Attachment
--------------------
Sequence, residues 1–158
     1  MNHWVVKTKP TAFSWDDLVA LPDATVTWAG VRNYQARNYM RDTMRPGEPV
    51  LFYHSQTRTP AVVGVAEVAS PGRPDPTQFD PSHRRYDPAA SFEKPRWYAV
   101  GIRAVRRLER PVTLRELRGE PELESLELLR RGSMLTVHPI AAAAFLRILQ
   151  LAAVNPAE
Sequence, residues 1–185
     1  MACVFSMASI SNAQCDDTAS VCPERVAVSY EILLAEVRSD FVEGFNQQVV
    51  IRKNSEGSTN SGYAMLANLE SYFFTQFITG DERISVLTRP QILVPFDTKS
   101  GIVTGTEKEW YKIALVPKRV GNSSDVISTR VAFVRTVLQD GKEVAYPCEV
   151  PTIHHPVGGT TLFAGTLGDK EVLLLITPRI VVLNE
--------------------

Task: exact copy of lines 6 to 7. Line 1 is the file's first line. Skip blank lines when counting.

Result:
Sequence, residues 1–185
     1  MACVFSMASI SNAQCDDTAS VCPERVAVSY EILLAEVRSD FVEGFNQQVV